Imagine a seasonal jab of antibodies that could neutralise the HIV virus. Such an injection could prove to be next best alternative to an HIV vaccine, which has proven elusive to date.
American and German researchers have demonstrated that by injecting macaques with neutralising antibodies, they successfully shielded the monkeys from HIV infection for as long as six months.
After infection, HIV methodically weakens the immune system to the extent that a simple cold can escalate to fatal pneumonia.
But what if you could give your body some warning of HIV infection in advance by training the immune system with anti-HIV antibodies?
This was the thinking of the researchers behind this study. They purified four antibodies produced by patients infected with HIV, and then injected the macaques each with a different type.
The macaques were then exposed to the monkey equivalent of HIV, named appropriately SIV (simian immunodeficiency virus). Results showed that the antibodies were able to provide the macaques with protection for three to six months, even after the monkeys were repeatedly exposed to SIV.
Associate Professor Sarah Palmer, from The Westmead Institute for Medical Research, who was not involved in the study, said although the research was conducted in a monkey model, the findings showed promise in preventing new HIV infections in humans.
“This is potentially significant,” she said. “The study indicates that an injectable antibody product given once every three to four months could effectively protect high-risk individuals from HIV infection.”
University of Melbourne professor and director of the Doherty Institute, Sharon Lewin, agreed. She also said that what set the study apart was the use of a macaque monkey model to evaluate each antibody separately.
“It indeed looks very impressive, namely protection from infection in monkeys after multiple challenges,” she said.
However, the approach of using neutralising antibodies to pre-emptively prime the immune system is not novel.
“The potency of each of these antibodies has been reported before. There has been an explosion of work regarding broadly neutralising antibodies in the last few years, in vitro [in cell models], in mice and in macaques, and also humans,” said Prof Lewin.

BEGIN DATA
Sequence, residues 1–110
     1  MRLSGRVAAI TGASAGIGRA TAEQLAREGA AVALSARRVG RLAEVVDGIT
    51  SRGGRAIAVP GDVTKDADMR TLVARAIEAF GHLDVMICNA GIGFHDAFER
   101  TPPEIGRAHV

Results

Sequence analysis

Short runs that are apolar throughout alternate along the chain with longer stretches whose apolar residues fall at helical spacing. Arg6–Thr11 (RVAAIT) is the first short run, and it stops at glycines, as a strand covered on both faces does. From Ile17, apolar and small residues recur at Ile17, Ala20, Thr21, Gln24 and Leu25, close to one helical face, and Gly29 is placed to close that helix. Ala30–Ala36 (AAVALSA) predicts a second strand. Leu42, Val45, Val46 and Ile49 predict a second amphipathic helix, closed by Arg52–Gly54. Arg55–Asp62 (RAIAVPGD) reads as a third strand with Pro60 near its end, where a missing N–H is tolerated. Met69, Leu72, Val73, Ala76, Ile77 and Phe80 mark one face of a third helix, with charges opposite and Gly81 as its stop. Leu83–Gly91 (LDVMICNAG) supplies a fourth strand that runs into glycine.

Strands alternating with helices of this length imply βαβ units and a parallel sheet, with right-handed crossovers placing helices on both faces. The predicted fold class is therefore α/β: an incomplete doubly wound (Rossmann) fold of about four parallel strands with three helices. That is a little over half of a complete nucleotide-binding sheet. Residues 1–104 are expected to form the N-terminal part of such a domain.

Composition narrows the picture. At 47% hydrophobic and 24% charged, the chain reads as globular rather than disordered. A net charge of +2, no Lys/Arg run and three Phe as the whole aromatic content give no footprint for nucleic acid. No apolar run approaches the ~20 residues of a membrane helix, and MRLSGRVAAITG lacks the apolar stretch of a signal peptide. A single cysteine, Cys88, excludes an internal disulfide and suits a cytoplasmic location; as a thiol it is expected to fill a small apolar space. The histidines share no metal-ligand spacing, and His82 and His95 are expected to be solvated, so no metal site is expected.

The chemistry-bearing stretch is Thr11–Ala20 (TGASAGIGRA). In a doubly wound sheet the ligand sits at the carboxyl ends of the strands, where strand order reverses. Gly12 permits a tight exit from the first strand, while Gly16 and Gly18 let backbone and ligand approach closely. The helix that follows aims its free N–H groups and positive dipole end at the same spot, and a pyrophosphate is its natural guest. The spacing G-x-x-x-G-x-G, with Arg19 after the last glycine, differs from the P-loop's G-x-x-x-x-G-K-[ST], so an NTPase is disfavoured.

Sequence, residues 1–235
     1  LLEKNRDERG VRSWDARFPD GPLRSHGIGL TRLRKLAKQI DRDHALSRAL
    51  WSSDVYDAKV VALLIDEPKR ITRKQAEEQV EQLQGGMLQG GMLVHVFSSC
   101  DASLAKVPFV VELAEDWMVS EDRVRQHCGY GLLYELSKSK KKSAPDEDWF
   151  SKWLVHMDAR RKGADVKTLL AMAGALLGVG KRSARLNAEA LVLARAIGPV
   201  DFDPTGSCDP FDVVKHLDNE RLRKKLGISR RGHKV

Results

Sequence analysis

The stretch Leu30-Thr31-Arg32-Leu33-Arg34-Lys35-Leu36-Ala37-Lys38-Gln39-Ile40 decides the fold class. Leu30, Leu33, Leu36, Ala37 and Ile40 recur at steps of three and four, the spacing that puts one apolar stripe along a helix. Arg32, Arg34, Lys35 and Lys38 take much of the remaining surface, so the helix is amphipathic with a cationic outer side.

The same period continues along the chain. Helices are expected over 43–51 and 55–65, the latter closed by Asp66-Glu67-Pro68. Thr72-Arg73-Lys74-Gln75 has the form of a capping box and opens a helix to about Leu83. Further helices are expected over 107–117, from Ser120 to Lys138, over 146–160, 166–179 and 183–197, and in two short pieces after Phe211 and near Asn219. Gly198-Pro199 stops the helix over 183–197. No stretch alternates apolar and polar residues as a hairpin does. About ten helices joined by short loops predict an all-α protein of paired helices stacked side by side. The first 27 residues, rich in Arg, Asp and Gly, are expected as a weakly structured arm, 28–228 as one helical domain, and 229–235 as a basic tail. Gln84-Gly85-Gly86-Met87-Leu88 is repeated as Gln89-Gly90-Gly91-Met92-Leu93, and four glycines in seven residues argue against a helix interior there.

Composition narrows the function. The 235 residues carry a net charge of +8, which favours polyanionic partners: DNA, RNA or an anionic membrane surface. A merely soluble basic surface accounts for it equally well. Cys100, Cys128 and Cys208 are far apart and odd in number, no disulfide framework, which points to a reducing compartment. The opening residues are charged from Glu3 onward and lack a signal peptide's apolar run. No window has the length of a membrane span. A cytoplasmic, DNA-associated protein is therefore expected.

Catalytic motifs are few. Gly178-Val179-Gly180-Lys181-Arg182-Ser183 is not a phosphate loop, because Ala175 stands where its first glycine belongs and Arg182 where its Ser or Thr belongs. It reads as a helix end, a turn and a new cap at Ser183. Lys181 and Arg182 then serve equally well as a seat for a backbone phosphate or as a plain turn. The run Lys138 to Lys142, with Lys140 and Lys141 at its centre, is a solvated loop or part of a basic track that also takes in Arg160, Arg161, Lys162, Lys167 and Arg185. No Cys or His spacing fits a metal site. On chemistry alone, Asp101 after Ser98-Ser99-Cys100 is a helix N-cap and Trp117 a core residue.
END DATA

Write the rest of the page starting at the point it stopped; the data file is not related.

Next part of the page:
In addition, Assoc Prof Palmer emphasised that the study provides only a small fraction of the answers to developing a highly effective HIV treatment.
“Currently we have very limited clinical data as to the effectiveness of passively transfused anti-HIV antibodies to protect from new HIV infections and, more importantly, repeated exposures to HIV,” she said.
“We do not know what dosage of antibody is required to protect against HIV infection or whether these injectable antibodies are available in human tissues such as the mucosal.”
According to Assoc Prof Palmer, the next step is for additional proof-of-concept trials in humans.
“They are needed to provide important data as to how effective these antibodies are in preventing HIV-1 infection,” she said.
Prof Lewin said the study showcased how a strategy using neutralising antibodies could also protect against HIV infection for a limited time following a single dose, albeit in an animal model.
But the need for continual injections every eight weeks showed that antibody injections still had their limitations.
“I doubt these antibodies will ever be used as a single passive administration in practise,” she said.
Prof Lewin said that the next logical step for the study would be to generate the same response and antibody levels without it waning over time, referring to the Hepatitis A vaccine as a success story.
“We need a way to continually have the antibody there without having to have repeated injections,” she said.
The study was published last week in Nature.